For, despite the many criticisms that can be laid at it, generally speaking western Europe does have the rule of law, it does have legal systems and institutions that typically are independent from politics (although the extent to which this is true in Bulgaria and Greece compared to Sweden and Luxembourg is another matter), where freedom of speech, in particular to criticise politicians's views and their lifestyle, is protected and where states are not ruled by single strongmen.  It is easy and correct to damn the fiscal incontinence, the profligate and unsustainable welfare states, the constraints on free market capitalism , the rampant rent-seeking of EU profligacy and the long list of protectionist provisions at national and EU level, but for all that, Europeans are able to organise themselves freely.  Politicians in western Europe are far more likely to be held accountable for criminal behaviour than those in the former USSR.

In short, Ukrainians protesting wanted their country to be more like western Europe and less like Russia.  The regular (and continuing claims) that Ukraine had a "legitimate" President are just embarrassingly absurd.  That "legitimate" President was ready to abolish free speech and to cement his rule by making elections how they are in Russia - charades to claim the facade of legitimacy over a system weighted almost completely against free and open political discourse.

Yes, a small number of Ukrainians are fascists who want to purge the country of Russians, but they are far from friendly towards the EU.  Yes, Russian Ukrainians are right to be wary of such individuals, but to think the EU would tolerate and embrace this is quite wrong.  Austria's government was ostracised when the so-called "Freedom Party" was part of a coalition government, and its platform was far less fascist than Svoboda. Hungary's existing government has faced sanctions when it drifted towards such policies.  

So to blame the EU is simply wrong.  It appears Farage's unbridled (and to be fair, understandable) hatred of the EU has meant it is now a scapegoat, for actions that were opportunistic by Moscow.  Putin's regime created fear among Russians in Ukraine that they would face "oppression" under a fascist government, and that all of their jobs would disappear when Ukraine could no longer export so readily to Russia (not noting that the only reason this would happen is if Russia increases trade barriers with Ukraine).  He focused especially on Crimea, given the ample Russian military presence there in the first place, to host a trumped-up referendum, not allowing open campaigning for a "no" vote, and using local and Russian mercenary forces to bully their way against the Ukrainian military and police.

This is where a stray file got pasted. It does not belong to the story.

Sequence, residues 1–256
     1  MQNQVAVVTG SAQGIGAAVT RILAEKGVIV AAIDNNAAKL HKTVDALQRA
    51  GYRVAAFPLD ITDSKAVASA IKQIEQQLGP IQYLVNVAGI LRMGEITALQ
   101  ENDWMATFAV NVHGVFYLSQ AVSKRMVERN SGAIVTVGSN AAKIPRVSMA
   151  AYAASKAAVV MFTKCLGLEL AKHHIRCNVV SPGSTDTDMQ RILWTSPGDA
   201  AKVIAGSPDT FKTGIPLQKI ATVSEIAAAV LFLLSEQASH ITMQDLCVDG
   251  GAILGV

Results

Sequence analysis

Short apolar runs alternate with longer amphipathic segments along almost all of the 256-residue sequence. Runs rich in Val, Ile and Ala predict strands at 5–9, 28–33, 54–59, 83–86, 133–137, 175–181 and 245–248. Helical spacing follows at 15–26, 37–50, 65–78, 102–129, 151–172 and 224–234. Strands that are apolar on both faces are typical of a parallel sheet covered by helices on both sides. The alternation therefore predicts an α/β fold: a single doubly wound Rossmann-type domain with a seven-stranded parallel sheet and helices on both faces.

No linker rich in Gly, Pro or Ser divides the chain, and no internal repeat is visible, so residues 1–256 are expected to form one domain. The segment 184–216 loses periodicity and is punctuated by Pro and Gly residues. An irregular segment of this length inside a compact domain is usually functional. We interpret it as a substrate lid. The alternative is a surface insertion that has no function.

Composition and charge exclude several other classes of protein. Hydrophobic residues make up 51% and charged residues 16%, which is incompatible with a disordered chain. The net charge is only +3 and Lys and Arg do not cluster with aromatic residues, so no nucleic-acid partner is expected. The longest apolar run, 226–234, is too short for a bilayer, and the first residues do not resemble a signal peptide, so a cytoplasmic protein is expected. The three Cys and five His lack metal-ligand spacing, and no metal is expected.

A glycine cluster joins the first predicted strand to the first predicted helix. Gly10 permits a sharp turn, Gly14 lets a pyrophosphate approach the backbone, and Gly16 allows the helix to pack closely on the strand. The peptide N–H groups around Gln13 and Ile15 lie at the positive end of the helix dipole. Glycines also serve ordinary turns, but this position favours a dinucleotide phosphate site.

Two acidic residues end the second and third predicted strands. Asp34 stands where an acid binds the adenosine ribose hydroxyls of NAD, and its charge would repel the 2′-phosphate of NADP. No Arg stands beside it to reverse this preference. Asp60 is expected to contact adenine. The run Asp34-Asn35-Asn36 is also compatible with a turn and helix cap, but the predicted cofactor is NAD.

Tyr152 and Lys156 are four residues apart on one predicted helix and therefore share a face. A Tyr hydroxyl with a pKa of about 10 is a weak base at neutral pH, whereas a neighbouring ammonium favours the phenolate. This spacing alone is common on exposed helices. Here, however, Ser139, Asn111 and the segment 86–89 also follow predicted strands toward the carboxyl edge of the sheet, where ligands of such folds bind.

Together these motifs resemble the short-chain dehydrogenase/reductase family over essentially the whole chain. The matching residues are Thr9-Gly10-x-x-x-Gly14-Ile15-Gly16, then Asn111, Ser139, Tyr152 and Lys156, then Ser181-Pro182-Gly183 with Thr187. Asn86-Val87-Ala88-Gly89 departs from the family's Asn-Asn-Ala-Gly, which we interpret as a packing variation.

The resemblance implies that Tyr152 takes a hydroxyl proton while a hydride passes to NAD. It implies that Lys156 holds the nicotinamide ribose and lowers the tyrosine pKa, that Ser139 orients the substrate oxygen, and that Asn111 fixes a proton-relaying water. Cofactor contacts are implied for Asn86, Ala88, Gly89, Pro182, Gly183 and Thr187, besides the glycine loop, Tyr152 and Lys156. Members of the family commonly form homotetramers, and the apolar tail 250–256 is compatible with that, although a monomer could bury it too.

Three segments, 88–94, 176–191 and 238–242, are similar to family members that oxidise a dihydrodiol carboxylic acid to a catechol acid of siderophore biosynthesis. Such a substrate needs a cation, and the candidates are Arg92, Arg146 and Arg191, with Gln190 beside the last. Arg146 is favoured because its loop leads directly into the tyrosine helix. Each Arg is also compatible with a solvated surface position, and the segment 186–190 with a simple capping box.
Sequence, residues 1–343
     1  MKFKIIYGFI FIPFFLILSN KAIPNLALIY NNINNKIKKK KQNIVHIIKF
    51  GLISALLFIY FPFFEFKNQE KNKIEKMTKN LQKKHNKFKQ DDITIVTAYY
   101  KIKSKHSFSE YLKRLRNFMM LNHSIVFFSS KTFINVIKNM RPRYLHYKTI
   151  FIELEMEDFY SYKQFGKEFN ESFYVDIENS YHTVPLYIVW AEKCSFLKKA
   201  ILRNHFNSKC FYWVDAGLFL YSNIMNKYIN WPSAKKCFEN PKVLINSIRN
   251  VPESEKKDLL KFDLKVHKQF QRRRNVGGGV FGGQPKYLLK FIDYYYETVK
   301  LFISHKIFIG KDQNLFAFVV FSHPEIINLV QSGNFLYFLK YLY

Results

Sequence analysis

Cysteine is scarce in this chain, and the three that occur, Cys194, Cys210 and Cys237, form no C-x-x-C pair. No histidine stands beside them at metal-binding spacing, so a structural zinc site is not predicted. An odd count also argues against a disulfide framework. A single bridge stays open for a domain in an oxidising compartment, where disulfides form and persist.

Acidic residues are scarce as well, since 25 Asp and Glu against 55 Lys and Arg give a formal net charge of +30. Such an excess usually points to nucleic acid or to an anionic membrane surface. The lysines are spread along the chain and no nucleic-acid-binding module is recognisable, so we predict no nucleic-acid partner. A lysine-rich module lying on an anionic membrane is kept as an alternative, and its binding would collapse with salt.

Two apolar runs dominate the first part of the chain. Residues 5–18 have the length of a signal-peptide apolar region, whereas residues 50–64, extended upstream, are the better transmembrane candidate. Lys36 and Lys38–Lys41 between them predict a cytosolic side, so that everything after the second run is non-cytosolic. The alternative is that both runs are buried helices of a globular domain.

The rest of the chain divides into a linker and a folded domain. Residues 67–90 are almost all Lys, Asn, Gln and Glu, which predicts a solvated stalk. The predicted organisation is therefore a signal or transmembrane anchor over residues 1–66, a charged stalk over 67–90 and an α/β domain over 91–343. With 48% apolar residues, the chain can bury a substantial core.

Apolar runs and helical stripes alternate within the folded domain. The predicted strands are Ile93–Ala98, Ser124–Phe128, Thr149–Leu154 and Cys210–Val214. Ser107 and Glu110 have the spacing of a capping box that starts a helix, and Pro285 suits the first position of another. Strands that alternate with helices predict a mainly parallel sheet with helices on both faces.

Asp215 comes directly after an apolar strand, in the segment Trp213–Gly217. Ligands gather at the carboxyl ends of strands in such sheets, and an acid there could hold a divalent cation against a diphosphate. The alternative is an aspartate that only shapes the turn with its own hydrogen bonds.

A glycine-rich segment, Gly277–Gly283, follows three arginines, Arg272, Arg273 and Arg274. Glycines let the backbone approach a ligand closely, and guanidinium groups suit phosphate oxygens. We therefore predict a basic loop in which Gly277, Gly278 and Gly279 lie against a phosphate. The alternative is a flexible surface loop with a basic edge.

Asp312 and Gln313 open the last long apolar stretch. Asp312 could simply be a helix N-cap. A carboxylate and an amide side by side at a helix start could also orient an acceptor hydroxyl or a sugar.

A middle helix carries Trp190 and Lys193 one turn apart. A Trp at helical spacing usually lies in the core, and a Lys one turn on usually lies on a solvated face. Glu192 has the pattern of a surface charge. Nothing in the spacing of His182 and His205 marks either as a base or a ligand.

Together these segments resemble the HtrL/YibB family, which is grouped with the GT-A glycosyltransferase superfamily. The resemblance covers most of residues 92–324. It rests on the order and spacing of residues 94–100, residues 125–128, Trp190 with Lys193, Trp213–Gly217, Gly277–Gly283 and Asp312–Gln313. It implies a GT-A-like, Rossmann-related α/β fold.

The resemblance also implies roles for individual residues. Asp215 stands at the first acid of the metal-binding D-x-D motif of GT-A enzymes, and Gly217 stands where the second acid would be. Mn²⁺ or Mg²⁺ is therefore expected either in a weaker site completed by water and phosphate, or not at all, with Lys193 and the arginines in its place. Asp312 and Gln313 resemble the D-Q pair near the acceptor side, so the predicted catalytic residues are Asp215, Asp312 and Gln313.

It 's similar to what Russia has done in Georgia.

If anyone thinks that Brussels is to blame for this, then let's imagine the counterfactual.  What if Ukrainians actually just protested against their government and overthrew it, without the EU having offered a free trade agreement?  Does anyone really think Putin wouldn't have taken Crimea?  

Unfortunately, Farage's stance is shared not only by the Kremlin, but by the radical leftwing peace movement (Stop the War coalition's statement in favour of Russia should put paid any claims it has to being anti-war) and by libertarian isolationists like Ron Paul.

The borders of a peaceful country have been changed, by the intervention of another state, on trumped up claims of fascism threatening their people.

I am far from surprised that typically pro-communist, anti-capitalist, anti-liberal democratic so-called "peace" movement backs Russia.   It exposes it even more for what it is - a group of fifth columnist revolutionaries who think of peace only in terms of "don't fight against those opposing western capitalism".

Yet for UKIP to go down the ludicrous path of blaming the EU for events that are largely about relations between Ukraine and Russia is absurd. 

Farage and other spokepeople should stop appearing on RT and being puppets brought out by the Kremlin to serve its interests.  It doesn't serve British interests, nor the interests of anyone who genuinely believes in a smaller state and less government.  After all, if you think the EU is oppressive, wait until your country takes orders from the Kremlin.  That's something Ukrainians have known too well.  Holodomor and the purge of the Crimean Tartars are actions that you wont see discussed on RT, as they don't fit history.  Whereas exaggerating the size and the actions of fascist ultranationalists in Ukraine will be mentioned, a lot, as they do fit it.

Of course Western media are free to report on any of the above, RT is not.  

Farage has got enough brickbats to throw at the EU, without, in spite of all he claims now, siding with the bullshit machine that is Kremlin propaganda.

He's fallen victim to his greatest asset - the ability to think on your feet and not to parrot media trained catchphrases.  The problem being when your mouth runs away with your head, knowledge and understanding of complex events.